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February 11, 2022

3 min read

Source/Disclosures

Disclosures: Siegel reports no relevant financial disclosures.


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Breast cancer has surpassed lung cancer as the leading cause of cancer-associated death among Black women in the US, according to an American Cancer Society report.

Black women are at lower risk for a breast cancer diagnosis but 41% more likely to die of breast cancer than white women, the Cancer Statistics for African American/Black People 2022 report showed.

doctor discussing patient
Source: Adobe Stock.

“We update these reports on cancer occurrence in Black people every 2 to 3 years because this population is not only one of the largest in the United States, but it also experiences extreme cancer inequalities due to long-standing systemic racism, including a higher prevalence of risk factors and barriers to high-quality cancer care,” Rebecca Siegel, MPH, senior scientific director of surveillance research at the American Cancer Society, told Healio.

“Cancer disparities have always been a focus at American Cancer Society, but recently a light has been shone on health inequalities more broadly,” Siegel added. “This is partly due to the disproportionate impact of the pandemic on communities of color — not just in terms of higher rates of severe COVID-19 illness and death, but the secondary impact, as well, such as unemployment and loss of health insurance, which exacerbate barriers to health care.”

Disproportionate burden

Black individuals already have a disproportionate burden of cancer, including some of the highest mortality and shortest survival of any racial/ethnic group for most cancers, according to Siegel.

“Black men are [twice as likely] to die [of] prostate cancer as white men and Black women are 41% more likely to die [of] breast cancer despite lower incidence,” she said.

The higher mortality rates are partially a consequence of late-stage diagnoses.

Two-thirds (67%) of breast cancers among white women are detected at an early stage compared with 57% of those detected among Black women, according to the report.

Five-year OS after breast cancer diagnosis is 92% among white women vs. 82% among Black women. Moreover, Black women achieved shorter survival regardless of stage at breast cancer diagnosis, a trend authors attributed to reduced access to high-quality health care.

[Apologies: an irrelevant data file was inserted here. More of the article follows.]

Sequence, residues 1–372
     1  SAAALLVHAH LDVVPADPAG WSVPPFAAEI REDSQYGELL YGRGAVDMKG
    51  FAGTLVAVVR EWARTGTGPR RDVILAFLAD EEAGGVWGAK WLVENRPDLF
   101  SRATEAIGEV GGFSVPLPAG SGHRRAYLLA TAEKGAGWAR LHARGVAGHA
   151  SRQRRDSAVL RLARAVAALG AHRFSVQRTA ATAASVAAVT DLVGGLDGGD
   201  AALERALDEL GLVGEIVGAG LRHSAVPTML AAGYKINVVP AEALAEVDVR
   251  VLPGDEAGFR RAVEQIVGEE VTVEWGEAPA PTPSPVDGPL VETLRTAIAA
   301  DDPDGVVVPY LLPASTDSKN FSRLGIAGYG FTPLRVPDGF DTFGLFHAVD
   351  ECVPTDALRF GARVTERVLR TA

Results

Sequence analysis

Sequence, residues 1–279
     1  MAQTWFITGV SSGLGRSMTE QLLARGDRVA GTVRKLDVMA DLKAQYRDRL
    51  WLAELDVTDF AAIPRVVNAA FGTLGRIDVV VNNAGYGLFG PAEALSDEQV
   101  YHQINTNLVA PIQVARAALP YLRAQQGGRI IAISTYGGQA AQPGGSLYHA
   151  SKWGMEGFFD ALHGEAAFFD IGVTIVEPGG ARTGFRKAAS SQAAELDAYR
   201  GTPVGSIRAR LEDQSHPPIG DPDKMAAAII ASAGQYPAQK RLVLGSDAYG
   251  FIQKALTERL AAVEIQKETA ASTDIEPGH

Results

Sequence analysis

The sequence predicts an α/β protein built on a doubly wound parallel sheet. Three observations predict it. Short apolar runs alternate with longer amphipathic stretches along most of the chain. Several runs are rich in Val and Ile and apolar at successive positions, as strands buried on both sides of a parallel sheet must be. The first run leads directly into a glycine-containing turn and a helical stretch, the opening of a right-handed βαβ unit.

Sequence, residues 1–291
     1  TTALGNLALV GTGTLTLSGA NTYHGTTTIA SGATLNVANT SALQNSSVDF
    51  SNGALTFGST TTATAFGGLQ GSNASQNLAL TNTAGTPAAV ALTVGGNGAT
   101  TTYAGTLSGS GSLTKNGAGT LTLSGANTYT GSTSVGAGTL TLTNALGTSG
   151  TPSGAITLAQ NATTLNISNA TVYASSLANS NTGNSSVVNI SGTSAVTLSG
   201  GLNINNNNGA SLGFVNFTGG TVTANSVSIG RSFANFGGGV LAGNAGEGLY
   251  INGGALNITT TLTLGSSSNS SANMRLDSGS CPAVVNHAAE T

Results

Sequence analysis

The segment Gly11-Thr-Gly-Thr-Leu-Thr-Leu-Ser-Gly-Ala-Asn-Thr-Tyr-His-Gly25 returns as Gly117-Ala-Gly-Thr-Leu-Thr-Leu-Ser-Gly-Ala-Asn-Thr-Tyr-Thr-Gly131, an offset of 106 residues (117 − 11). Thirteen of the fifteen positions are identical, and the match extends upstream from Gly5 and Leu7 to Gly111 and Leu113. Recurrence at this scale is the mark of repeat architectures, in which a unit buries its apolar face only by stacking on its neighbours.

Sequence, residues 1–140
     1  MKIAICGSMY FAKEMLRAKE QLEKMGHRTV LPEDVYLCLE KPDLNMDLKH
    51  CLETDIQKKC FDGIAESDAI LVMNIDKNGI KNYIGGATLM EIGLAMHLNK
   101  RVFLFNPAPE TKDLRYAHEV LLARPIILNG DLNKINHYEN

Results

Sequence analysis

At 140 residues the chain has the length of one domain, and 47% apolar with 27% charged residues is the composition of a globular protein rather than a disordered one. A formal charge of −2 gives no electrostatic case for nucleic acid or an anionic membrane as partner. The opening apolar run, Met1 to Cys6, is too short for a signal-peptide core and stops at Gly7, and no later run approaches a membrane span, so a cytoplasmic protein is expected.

Rebecca Siegel

Rebecca Siegel

“It was surprising to see that breast cancer surpassed lung cancer as the leading cause of death among Black women,” Siegel said. “Lung cancer is the leading cause of death by far in most groups as a consequence of the tobacco epidemic. However, recent advances in lung cancer early detection, diagnosis and treatment—including staging—have accelerated declines in the lung cancer death rate and even resulted in a decline in the number of lung cancer deaths.

“Typically, the number of cancer deaths will continue to increase year-over-year despite a decline in the death rate because of the aging and growth of the population,” Siegel added. “In this instance, the steep decline is sufficient to overcome the demographic shift.”

The ACS report also highlighted the following:

  • An estimated 224,080 new cancer cases and 73,680 cancer deaths will occur among Black individuals in 2022;
  • Within the past 5 data years, Black women had an 8% lower overall cancer incidence compared with white women but a 12% higher mortality rate; and
  • The overall cancer mortality gap between Black and white individuals is narrowing because of a steeper decrease in prostate, lung and other smoking-associated cancers among Black people.

Action steps

Oncologists play an extremely important role in overcoming cancer disparities and improving the quality of care for Black individuals, Siegel said.

“First and foremost, providers can educate themselves and increase awareness of conscious and unconscious racial bias,” Siegel said. “Studies consistently show that a major contributor to disparities is the lower likelihood of receipt of guideline-concordant treatment among Black people compared with white people and a higher likelihood for treatment delays. Eliminating racial bias will help improve patient trust and compliance, which will ultimately improve outcomes.

“Second, we must ensure that all patients — especially people of color — have access to the resources they need to make the cancer journey as smooth as possible, including patient navigators, financial aid assistance and emotional and psychological support,” she added.

Black people disproportionately experience cost and transportation barriers that often can be overcome with increased patient-provider communication. There is also a need for more diversity in clinical trials, Siegel added.

“The progress that has been made in reducing overall cancer disparities is mostly because of the delayed benefits of steep reductions in smoking in the Black community in the 1970s and 1980s and not the result of successful interventions aimed at reducing disparities,” Siegel said. “In fact, for many common cancers, there has been no improvement. For example, breast cancer death rates were lower among Black women compared with white women in the 1970s; however, interventions like mammography and improved treatment initiated a disparity between Black and white women that grew from the mid-1980s until around 2011 and has remained stable since, with rates 40% higher among Black women despite a lower cancer incidence among Black women.”

For more information:

Rebecca Siegel, MPH, can be reached at rebecca.siegel@cancer.org.

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